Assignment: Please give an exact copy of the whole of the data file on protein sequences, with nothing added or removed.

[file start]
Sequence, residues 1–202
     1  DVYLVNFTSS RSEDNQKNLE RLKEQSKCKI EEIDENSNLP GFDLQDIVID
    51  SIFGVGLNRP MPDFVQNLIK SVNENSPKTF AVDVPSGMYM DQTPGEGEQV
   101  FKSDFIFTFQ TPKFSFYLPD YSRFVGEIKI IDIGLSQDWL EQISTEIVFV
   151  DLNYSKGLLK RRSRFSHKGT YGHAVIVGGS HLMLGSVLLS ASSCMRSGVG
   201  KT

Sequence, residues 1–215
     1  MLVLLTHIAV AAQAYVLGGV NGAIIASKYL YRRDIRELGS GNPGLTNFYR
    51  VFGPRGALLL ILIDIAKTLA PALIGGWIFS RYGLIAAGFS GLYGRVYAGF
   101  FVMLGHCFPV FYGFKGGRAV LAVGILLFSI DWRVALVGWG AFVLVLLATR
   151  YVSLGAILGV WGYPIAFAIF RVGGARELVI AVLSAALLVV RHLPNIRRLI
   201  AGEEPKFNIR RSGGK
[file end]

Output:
Sequence, residues 1–202
     1  DVYLVNFTSS RSEDNQKNLE RLKEQSKCKI EEIDENSNLP GFDLQDIVID
    51  SIFGVGLNRP MPDFVQNLIK SVNENSPKTF AVDVPSGMYM DQTPGEGEQV
   101  FKSDFIFTFQ TPKFSFYLPD YSRFVGEIKI IDIGLSQDWL EQISTEIVFV
   151  DLNYSKGLLK RRSRFSHKGT YGHAVIVGGS HLMLGSVLLS ASSCMRSGVG
   201  KT

Sequence, residues 1–215
     1  MLVLLTHIAV AAQAYVLGGV NGAIIASKYL YRRDIRELGS GNPGLTNFYR
    51  VFGPRGALLL ILIDIAKTLA PALIGGWIFS RYGLIAAGFS GLYGRVYAGF
   101  FVMLGHCFPV FYGFKGGRAV LAVGILLFSI DWRVALVGWG AFVLVLLATR
   151  YVSLGAILGV WGYPIAFAIF RVGGARELVI AVLSAALLVV RHLPNIRRLI
   201  AGEEPKFNIR RSGGK